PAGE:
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What is it

An estimated 20 to 40 percent of all adults complain about insomnia a general term that refers to difficulty falling or staying asleep. Insomnia is not really a disorder but a symptom with many causes. For example, temporary insomnia can be caused by jet lag, which upsets the body’s biological clock, or by some specific, stressful situation like a divorce or change in job. Once these situations have been resolved, sleep returns to normal.

How alert and refreshed you feel, rather than how many hours of sleep you get, is a better sign of whether insomnia is a problem for you. Not everyone needs eight hours the number often used as the benchmark for a good night’s sleep. Some people feel well rested after only six hours of sleep a night though recent research suggests that others who think they are doing fine on five or six hours would actually benefit from more sleep.

Age is a key factor in assessing insomnia. It’s a sign of troubled sleep if a child or young adult has difficulty falling asleep or wakes up repeatedly. But in about 80 percent of people over the age of 60, sleep becomes more fragmented. People in this age group tend to wake up more often (and for longer periods) during the night, and earlier in the morning, with generally less deep sleep and more light sleep.


  • Difficulty falling asleep.
  • Fragmented sleep waking frequently during the night or waking earlier than desired.
  • Fatigue, drowsiness, inability to concentrate, and mood shifts all of which can result from insomnia.

What causes it

Persistent insomnia can be difficult to diagnose. The Association of Sleep Disorders Centers has suggested causes ranging from psychological and medical conditions to environmental factors like noise and room temperature. Many studies have been done to determine if personality traits make one a good or poor sleeper. Some researchers found that poor sleepers are more anxious, depressed, and introspective, but other studies have found that personality is not a factor.

Many experts are convinced that in the majority of cases the original cause becomes secondary; instead, the insomnia persists because of behavioral factors that reinforce it, such as excessive time in bed, drug dependency, and napping. Also, the harder you try to fall asleep, the more anxious you become, which makes success all the more difficult.

What if you do nothing

Occasional insomnia is nothing to worry about. The notion that we all need eight hours of sleep a night or any other fixed amount has been disproved. A good night’s sleep is what ever-allows you to feel refreshed, alert, and in good spirits the next day, and there are wide individual differences in how much sleep people need to achieve that goal. Some need 9 or 10 hours, others only six.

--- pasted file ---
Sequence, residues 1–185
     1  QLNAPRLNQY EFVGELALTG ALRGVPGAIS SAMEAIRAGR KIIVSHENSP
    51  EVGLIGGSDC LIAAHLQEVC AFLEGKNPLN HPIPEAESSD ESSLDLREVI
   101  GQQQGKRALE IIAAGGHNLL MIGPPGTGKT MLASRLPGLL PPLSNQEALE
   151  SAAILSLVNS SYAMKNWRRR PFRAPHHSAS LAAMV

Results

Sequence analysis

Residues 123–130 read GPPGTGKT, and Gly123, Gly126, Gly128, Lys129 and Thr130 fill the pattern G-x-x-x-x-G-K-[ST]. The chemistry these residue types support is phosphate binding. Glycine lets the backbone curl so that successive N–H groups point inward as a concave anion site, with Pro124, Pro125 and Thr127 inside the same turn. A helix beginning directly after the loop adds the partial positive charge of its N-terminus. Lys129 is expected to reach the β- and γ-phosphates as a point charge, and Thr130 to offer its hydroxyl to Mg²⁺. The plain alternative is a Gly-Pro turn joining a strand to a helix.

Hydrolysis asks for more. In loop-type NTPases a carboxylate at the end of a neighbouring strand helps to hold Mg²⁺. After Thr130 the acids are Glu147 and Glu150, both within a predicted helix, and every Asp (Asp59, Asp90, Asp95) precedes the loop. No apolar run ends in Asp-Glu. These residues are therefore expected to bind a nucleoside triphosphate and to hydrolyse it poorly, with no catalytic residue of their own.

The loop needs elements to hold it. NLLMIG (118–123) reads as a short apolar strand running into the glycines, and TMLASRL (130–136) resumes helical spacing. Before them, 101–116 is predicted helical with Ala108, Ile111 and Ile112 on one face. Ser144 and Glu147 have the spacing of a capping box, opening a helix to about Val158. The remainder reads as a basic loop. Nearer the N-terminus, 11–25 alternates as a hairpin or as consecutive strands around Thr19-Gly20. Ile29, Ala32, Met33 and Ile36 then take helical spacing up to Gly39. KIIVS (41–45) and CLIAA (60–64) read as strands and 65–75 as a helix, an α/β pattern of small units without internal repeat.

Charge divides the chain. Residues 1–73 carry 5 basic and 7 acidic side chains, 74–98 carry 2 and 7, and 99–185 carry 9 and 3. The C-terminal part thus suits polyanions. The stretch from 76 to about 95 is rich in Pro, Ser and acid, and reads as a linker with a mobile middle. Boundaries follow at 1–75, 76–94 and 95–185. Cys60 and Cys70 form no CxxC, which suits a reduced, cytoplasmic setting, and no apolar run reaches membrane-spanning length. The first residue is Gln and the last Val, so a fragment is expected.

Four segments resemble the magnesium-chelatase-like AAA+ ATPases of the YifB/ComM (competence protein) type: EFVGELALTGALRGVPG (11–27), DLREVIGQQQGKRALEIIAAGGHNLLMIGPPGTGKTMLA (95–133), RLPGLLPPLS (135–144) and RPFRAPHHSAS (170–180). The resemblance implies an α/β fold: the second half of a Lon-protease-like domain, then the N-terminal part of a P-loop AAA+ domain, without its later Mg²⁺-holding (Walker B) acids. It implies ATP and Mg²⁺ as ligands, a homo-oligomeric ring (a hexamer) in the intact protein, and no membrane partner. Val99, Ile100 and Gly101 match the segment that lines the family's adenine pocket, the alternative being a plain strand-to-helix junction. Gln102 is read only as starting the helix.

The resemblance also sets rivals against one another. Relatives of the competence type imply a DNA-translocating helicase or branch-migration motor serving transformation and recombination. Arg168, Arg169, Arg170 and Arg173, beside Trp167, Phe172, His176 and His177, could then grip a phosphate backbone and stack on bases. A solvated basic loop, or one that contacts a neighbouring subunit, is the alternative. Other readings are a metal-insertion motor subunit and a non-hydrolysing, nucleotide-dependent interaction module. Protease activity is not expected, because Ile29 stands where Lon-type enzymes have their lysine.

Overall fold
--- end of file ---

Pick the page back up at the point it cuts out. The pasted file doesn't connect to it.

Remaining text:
Also, don’t worry that you have to “make up” every hour of lost sleep. One good night will usually repair the fatigue.

Home remedies

Before you reach for sleeping medications, try the following self-help measures. Several studies have shown that in many, if not most, instances of insomnia, such steps are more effective at treating the problem than prescription sleeping pills.

Try to correct what’s bothering you

If your sleeplessness arises from worry or grief. If you can’t do anything about the situation right away, try confiding in a friend, joining a support group, or finding a qualified counselor.

Don’t consume alcohol just before bedtime and don’t smoke

Alcohol can disturb sleep patterns and make insomnia inferior. Nicotine makes you restless, too.

Avoid eating a heavy meal in the evening particularly at bedtime

Don’t drink large amounts of liquids before retiring.

Eliminate caffeinated beverages

Except in the morning or early afternoon.

Unless you’re older, try to avoid daytime naps even when you’re tired

It’s all right to use a nap for catching up on occasional lost sleep, but naps shouldn’t become a substitute for sleep. Naps probably can be beneficial for older people whose sleep is fragmented—and certainly it’s better to nap than to rely on sleeping pills.

Spend an hour or more relaxing before you retire

Read, listen to music, watch TV, or take a warm bath.

Go to bed and get up on a regular schedule

No matter how much you haven’t slept.

Get up and do something

Don’t just lie there trying to fall asleep; if you’ve gotten into bed and after 20 minutes still can’t sleep, get up. But if you get up to work, don’t bring the work to bed: keep work and sleep separate. If you wake up in the middle of the night and can’t fall asleep, try reading for a short time. Counting sheep (or flowers or whatever appeals to you) or reconstructing a happy event or narrative in your mind may lull you to sleep.


The measures described above will also help prevent insomnia. In addition, try to avoid taking sleeping pills. In a study reported in the American Journal of Psychiatry one group of insomniacs was treated with the prescription sleeping pill Halcion, while another learned to do some muscle relaxation exercises and to follow the kind of advice outlined above. At first, the Halcion group got more sleep, but by the second week the other group had caught up. By the fifth week the members of the behavior training group were falling asleep faster and sleeping better than the Halcion group.

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